Overall, The Last Will and Testament of Rosalind Leigh is an atmospheric, gothic ghost story and sombre tale about loneliness and the monster it can turn into, and how faith can not only bring people together, but also bring them completely apart. It’s definitely intended for a mature audience, very low-key, vague and a bit up for interpretation, and we all know that this kind of recipe doesn’t always taste well for everyone. However, it can hit the right strings if you can appreciate this sort of film, and you might find it intriguing and delightful. A pure slow burner indeed, but the atmosphere is plentiful with the creepy house and all the collectables inside.

 

The Last Will and Testament of Rosalind Leigh The Last Will and Testament of Rosalind Leigh

 

Writer and director: Rodrigo Gudiño
Country & year: Canada, 2012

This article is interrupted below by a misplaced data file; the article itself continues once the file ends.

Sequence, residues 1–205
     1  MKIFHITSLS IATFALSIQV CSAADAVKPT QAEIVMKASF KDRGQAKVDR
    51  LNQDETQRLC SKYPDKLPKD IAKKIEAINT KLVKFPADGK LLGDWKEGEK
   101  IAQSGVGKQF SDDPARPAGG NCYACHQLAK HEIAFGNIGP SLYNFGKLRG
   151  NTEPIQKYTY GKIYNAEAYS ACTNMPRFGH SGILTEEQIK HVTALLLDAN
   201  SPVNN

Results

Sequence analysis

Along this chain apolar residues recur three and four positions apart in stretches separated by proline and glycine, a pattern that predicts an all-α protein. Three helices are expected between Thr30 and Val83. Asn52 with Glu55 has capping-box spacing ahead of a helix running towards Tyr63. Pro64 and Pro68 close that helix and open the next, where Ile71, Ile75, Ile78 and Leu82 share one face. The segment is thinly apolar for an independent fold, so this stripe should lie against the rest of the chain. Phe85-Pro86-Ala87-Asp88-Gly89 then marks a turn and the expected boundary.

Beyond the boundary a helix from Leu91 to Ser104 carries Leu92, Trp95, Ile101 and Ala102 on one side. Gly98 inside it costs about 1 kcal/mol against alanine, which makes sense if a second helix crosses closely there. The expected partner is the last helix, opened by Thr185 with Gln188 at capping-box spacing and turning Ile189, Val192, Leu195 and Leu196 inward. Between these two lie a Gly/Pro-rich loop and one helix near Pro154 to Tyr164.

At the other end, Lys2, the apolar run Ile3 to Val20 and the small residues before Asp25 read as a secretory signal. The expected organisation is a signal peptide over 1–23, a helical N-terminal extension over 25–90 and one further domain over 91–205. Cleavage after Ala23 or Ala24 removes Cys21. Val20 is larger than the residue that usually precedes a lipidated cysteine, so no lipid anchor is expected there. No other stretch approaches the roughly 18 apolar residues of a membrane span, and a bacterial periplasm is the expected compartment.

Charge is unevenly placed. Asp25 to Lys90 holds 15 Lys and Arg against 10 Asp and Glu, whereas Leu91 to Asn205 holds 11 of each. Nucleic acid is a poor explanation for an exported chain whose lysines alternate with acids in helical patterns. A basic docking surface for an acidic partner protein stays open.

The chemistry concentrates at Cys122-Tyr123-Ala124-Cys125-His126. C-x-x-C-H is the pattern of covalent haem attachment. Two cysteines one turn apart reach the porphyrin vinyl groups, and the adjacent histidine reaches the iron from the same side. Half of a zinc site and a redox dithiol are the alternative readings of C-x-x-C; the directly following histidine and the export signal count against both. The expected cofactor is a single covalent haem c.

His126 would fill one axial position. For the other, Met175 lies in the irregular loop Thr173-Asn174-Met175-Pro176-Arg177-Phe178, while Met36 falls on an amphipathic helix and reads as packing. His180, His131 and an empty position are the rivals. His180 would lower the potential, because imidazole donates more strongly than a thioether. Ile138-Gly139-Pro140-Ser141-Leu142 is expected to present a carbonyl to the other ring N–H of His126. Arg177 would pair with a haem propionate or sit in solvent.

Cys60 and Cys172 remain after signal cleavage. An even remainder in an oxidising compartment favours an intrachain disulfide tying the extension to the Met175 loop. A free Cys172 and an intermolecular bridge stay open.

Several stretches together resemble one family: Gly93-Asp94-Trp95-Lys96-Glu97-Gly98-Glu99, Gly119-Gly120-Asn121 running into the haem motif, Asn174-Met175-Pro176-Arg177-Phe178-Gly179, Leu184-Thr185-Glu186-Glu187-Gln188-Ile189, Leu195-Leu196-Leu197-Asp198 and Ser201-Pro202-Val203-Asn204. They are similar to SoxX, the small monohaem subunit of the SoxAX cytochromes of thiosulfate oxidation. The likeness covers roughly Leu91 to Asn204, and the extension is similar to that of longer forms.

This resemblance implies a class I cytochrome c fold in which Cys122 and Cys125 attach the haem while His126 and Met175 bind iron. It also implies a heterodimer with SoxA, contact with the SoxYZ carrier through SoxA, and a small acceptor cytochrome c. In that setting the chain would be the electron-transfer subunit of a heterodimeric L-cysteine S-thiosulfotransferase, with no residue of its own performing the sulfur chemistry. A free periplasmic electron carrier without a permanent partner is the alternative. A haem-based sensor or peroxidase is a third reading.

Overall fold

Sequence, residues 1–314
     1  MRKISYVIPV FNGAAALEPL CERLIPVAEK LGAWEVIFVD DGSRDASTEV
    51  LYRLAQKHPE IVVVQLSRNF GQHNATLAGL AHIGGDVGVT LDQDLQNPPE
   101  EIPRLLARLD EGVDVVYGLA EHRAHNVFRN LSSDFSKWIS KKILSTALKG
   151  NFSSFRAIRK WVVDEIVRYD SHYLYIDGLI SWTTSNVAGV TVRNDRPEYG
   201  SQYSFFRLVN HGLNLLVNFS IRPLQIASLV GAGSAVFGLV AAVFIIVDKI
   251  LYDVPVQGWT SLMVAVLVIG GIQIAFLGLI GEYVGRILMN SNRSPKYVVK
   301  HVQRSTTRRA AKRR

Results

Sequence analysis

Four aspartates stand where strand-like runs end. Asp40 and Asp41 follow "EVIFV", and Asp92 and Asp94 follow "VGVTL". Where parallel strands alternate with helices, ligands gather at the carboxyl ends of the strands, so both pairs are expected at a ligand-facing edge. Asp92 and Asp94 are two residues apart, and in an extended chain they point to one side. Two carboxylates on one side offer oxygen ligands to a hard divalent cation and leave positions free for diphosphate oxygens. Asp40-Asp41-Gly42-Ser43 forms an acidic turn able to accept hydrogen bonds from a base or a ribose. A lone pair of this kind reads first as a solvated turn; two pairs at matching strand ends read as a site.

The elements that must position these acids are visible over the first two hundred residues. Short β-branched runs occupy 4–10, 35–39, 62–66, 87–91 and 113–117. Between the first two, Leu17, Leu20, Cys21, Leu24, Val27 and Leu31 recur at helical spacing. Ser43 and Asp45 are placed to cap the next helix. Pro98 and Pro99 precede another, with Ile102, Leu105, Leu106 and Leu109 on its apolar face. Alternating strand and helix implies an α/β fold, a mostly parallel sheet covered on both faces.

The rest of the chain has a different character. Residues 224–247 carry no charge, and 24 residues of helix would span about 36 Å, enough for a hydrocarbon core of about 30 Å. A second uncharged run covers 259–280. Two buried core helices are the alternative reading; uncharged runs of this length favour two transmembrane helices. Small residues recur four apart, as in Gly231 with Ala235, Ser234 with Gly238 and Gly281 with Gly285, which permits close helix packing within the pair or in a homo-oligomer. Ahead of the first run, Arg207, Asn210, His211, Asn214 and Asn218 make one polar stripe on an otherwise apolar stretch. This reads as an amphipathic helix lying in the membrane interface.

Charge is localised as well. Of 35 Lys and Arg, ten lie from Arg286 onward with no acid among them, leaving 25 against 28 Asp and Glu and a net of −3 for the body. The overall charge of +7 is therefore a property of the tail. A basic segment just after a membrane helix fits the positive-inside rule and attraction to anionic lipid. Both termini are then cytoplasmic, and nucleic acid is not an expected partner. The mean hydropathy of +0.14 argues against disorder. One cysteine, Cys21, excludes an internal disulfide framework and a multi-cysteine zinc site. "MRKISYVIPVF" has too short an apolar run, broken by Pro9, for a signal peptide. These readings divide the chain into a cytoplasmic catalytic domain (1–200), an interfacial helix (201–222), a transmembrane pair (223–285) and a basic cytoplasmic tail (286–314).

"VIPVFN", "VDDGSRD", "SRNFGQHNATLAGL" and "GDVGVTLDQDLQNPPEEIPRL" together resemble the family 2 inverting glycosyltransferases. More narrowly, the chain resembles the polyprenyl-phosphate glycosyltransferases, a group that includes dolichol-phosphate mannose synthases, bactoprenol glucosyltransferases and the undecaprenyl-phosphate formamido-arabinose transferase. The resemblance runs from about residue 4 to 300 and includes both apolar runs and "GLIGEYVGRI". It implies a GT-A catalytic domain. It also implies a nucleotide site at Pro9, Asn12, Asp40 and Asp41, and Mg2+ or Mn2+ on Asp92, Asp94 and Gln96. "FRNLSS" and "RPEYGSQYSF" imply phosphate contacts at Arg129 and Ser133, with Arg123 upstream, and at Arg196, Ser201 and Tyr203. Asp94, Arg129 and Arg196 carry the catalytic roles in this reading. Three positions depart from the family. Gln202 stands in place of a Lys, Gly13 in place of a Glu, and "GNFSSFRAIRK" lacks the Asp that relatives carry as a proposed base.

Actors: Aaron Poole, Vanessa Redgrave, Julian Richings, Stephen Eric McIntyre, Charlotte Sullivan, Mitch Markowitz, Sarah Illiatovitch-Goldman, Rodrigo Gudiño, Bob Dorsey, Rogelio Gudiño,
IMDb: www.imdb.com/title/tt2332831/

 

 

Vanja Ghoul

 

 

 

Gutterballs (2008)

In this little 80’s throwback slasher and rape/revenge-flick Gutterballs, we spend time in a bowling hall with two groups, getting ready for a bowling contest. But the plan for that night goes down the toilet when a fight escalates. The individual that stands out is the unhinged Steve, a sadistic bully with some serious anger issues. He screams desperately for attention in every scene, spews out a world record list of obscenities, one of them being over 600 fuck-bombs (yes, someone actually tried to count them). I wouldn’t recommend the drinking game for obvious reasons, but at least we have some other use of colorful words to play with such as cunt, bitch, motherfucker, whore, pussy, etc…